A small community at a crossroads

 

As I write, Custer County School in southern Colorado is under the watch of armed sheriff’s deputies. This follows the suicide of a 15-year-old boy last week — the second such tragedy in about a year’s time — and a bizarre rumor that somebody was planning a shooting at the school.

This rumor apparently had its basis in a drill for just such a scenario, which was conducted last week and addressed in two robo-calls from the school superintendent. However, I noticed when I dropped off my son at school this morning that about only half his classmates were lined up for the Pledge of Allegiance, and as it turned out, overall school attendance was low.

Such is the world we now live in, even in this quiet community in the shadow of some of the most magnificent mountains in the country. Nowadays, there seems to be a shadow deeper than that thrown by the highest peaks at sundown.

This past winter, the political divisiveness that’s been building for nearly two years reached a high pitch when the county commissioners decided to pull the county’s legal advertising from the community newspaper, The Wet Mountain Tribune, and award them instead to the Sangre Sentinel, which underbid the Tribune.

The Tribune has been the community’s newspaper of record for 130 years. It’s a typical small-town weekly newspaper with mainly local news and photos, and a clearly marked opinion section. The owner, Jim Little, is a longtime friend, and I think he does a good job of keeping his opinion on the opinion pages.

The Sentinel, on the other hand, explicitly bills itself as a “conservative” newspaper. A sign hanging on the front of the office says so. Its contents include local news offerings interspersed with articles about national topics such as the “Hollywood Jihad” against American Sniper, and government plots to take our guns away. The Sentinel made its appearance about the same time as the issue of marching with guns in the annual July 4th Parade created a major brouhaha and attracted national attention two summers ago.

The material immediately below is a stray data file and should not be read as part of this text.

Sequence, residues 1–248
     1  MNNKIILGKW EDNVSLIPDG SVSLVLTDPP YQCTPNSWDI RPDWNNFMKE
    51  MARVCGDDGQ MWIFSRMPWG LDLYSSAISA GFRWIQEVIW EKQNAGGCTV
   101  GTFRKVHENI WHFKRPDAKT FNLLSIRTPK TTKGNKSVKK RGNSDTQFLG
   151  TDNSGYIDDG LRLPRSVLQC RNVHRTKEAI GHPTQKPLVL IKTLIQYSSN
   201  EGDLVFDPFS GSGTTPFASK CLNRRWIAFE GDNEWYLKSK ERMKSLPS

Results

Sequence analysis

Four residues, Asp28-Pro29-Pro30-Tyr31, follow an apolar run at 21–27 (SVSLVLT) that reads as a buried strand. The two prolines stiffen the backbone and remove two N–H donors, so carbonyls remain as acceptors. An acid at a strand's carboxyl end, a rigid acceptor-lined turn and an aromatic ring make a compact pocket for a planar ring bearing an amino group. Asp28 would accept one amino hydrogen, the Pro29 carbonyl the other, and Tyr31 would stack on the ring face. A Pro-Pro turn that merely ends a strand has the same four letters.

My opinion on this is that the commissioners made a choice to spend taxpayer money to support a political cause, and this is just plain wrong. In recent months I have had friends from out of town tell me they no longer visit because their perception of the community has changed following the parade flap and the advent of the Sentinel. I also know two families who are making plans to move away because they can no longer deal with this element of the community. I know others who already have left.

These are once-regular visitors who will no longer spend their leisure money here, and former residents who will no longer “buy local” after they move. In a small community the snowball effect of this kind of exodus is huge, affecting the tax base and school funding.

Which brings us to a larger question: Why would a local business owner advertise in the Sentinel? Regardless of your personal political belief, why support something that scares people away from the community? If this keeps up, the only legal notices left to print will be the delinquent tax roll.

Custer County is a great place to live and has a lot to offer for a wide variety of people regardless of political and religious beliefs. However, the perception people currently have of our community seems to have been hijacked by a loud and fringe minority emboldened now by its own “newspaper of record.”

At the same time, many of us wonder why two young boys took their own lives. It’s easy to blame the gun culture here and the ready access to firearms, but there has to be something deeper that prompts a young person to actually reach for a gun and use it on himself. Could it be the empty storefronts, the multitude of For Sale signs, and the hundreds of homes on the market? This might well make it difficult for a teenager to see a future here … or a way out.

Custer County seems to have reached a crossroads, and residents need to start asking some serious questions about what sort of community we all want to live in. If I owned a newspaper here, I’d forget about the legal ads and start digging at the issues surrounding our community identity and the people that we let speak for us. If we want some honest answers to the questions troubling us, maybe we should start by asking the kids.

Hal Walter is a contributor to Writers on the Range, a column service of High Country News. He is the author of “Full Tilt Boogie — A Journey into Autism, Fatherhood, and an Epic Test of Man and Beast.”

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